Sports betting is growing by leaps and bounds even in countries where it has long been legal. This contrasts with the United States where sports betting was illegal in most jurisdictions for decades until last year when the Supreme Court said that any state could legalize sports betting if it so desired. Now legal sports betting in the United States is growing fast as states begin to implement it.
Now that sports betting is so popular, many new sports bettors are asking how they can know enough to make smart bets on sports matches. Here are a few answers.
You Won't Know Enough
By this, we mean that it is impossible to know enough about more than a few sports to be able to make sound bets on any other sports. This is one of the most important pieces of advice you'll likely hear from many sports betting industry observers: simply become expert in one or at the most two sports and don't bet on any others.
The Road to Expertise
Sportsbooks are counting on you to bet on sports that you don't know well and to bet from the heart rather than betting from your mind. Thus, the Super Bowl of American football, which was played just on February 2, garnered millions of dollars in bets even from bettors in countries that never see American football. The game was such an international spectacle that many sports bettors got swept up in the hoopla.
Truly sound sports betting requires research. In this sense, it is no different than buying and selling in financial markets. In the stock market, companies are divided into sectors. Many people, feeling a sector is on the upswing, put money heavily into many companies in that sector even though some of the companies are not strong enough to warrant such confidence.
Fortunes are made or lost in sports betting as much as in financial markets.
Every minute you spend researching one sport is time away from researching another sport. So, concentrate on one sport or at the very most two sports.
Player and Coach Evaluation
When we learn as much as we can about a sport we have to divide the areas of evaluation into two broad categories: player evaluation and coach and staff evaluation.
Player evaluation is more difficult than coach evaluation. There are many more variables with players than with coaches.
Upside, or potential, is one such variable. A player may enter the top league with relatively little playing experience. As a sports bettor, you need to coldly determine in your own mind how much any given player may improve in the next few seasons.
This type of evaluation varies from sport to sport. Whilst you have to rely to some degree on sportswriters’ evaluations, you also must keep in mind that they are not professionals in any single sport.
Some athletes enter the top league in their sport needing to add muscle mass to their bodies. You need to be aware that many athletes can’t add a lot of muscle. These may be great athletes but they will have to find a way to excel with a less muscular body.
In many modern sports, players get a great deal of experience playing at the university level. However, there are many levels of competition at the university level. This is especially true of the major American sports.
An athlete who excelled at his or her university level may be unable to excel at the much more demanding professional level.
This is a very broad category that also includes the necessary quality called teachability and the essential quality called work ethic.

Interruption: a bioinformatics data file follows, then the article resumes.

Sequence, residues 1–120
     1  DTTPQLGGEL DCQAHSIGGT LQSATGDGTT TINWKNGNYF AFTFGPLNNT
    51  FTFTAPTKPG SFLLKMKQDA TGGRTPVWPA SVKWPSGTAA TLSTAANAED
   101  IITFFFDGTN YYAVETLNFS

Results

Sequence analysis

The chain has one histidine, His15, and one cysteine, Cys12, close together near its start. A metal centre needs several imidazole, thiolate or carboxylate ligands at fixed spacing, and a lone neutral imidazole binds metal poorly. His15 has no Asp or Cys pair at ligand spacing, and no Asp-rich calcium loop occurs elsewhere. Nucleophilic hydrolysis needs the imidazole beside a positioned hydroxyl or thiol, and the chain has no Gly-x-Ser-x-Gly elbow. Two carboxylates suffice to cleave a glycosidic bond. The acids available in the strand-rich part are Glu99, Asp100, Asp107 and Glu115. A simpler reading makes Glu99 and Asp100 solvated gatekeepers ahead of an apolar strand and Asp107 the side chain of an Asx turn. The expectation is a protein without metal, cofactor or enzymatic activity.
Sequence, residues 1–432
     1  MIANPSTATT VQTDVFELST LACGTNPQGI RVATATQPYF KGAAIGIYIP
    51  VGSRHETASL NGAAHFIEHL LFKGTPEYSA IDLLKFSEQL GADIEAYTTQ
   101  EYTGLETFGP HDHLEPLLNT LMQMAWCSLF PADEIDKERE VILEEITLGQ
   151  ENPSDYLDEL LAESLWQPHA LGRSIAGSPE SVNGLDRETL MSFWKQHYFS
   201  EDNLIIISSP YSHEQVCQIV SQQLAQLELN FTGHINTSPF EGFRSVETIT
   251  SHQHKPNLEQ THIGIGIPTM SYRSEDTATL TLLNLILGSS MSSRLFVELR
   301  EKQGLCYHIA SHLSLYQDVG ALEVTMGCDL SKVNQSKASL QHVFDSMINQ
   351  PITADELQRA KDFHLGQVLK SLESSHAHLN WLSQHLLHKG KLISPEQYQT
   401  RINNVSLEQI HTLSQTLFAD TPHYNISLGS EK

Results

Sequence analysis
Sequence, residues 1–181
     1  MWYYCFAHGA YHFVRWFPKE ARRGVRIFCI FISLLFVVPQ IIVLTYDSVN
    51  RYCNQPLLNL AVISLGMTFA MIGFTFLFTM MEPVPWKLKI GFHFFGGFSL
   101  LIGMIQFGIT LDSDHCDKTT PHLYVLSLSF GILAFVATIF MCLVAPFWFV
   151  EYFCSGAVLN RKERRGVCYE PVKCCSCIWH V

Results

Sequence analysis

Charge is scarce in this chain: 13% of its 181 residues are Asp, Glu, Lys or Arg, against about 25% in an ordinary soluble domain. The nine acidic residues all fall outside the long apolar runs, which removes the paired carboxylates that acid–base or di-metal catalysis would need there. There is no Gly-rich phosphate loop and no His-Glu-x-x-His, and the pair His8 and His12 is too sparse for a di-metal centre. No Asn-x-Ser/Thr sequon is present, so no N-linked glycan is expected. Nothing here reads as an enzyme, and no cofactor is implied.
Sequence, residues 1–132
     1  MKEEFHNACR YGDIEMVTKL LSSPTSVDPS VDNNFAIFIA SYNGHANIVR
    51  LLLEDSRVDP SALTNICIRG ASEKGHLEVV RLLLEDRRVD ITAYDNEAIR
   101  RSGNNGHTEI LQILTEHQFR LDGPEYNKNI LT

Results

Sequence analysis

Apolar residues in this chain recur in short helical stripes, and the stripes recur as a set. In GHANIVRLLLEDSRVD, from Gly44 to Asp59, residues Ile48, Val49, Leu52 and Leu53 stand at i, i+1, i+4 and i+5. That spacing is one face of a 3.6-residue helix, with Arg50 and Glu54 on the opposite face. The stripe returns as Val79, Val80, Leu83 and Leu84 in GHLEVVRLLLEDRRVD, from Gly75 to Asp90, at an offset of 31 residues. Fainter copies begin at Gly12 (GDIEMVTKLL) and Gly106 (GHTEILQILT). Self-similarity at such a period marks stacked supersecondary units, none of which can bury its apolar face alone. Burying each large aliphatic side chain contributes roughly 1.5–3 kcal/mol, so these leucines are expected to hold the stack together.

A player’s character may not have anything particular to do with a single match but in every sport and in every season there are a few players who suddenly are suspended because of character issues. The most common are domestic violence and drug or alcohol use. You need to keep track of sudden events of this sort to know how safe a bet might be.
Teachability is the willingness of athletes to learn from their coaches. Every sport has a few prima donnas who never take instruction. They hold their teams back and cost sports bettors a lot of anguish and money. When we look back at the best athletes and teams, we see that excellence in many cases rests with the athletes’ ability to learn from their coaches.
We often assume that all professional athletes have a strong work ethic but this is dramatically not the case. This season, the Chicago Bulls gave a big contract to Jabari Parker hoping that he had grown up and would accept coaching. He hadn’t and didn’t so the team traded him after a half season with the team.
In contrast, Kyle Schwarber of the Chicago Cubs baseball team went to work last winter to lose weight and get into the best physical condition of his life because he had had a poor season. The results were some improvement and this winter he is back working hard to get better at his job.
In sports where the average players are closed to each other in skill, the difference between winning and losing a match or having overall success in a season may be the team’s collective character, teachability, and work ethic.
We see athletes in action but we have a much more difficult time seeing coaches in action. The best way to evaluate coaches is by seeing how much the players on their teams improve from year to year. Some coaches can take a team of relatively average players and win whilst other coaches can take a team of superior athletes and lose.
Assess not Guess
Coaches do this all the time. They run their team through plays over and over with two thoughts in mind. One, they want the team to execute plays as they are supposed to execute them and, second, they want to see how every player responds to constant repetition.
Coaches cannot afford to guess and neither can sports bettors. Assessing involves measuring performances that can be measured and it involves watching keenly to see how athletes perform tasks that can’t be measured.
The bottom line is that if you are truly committed to betting from your mind, you need to invest many hours evaluating players, teams, and coaches.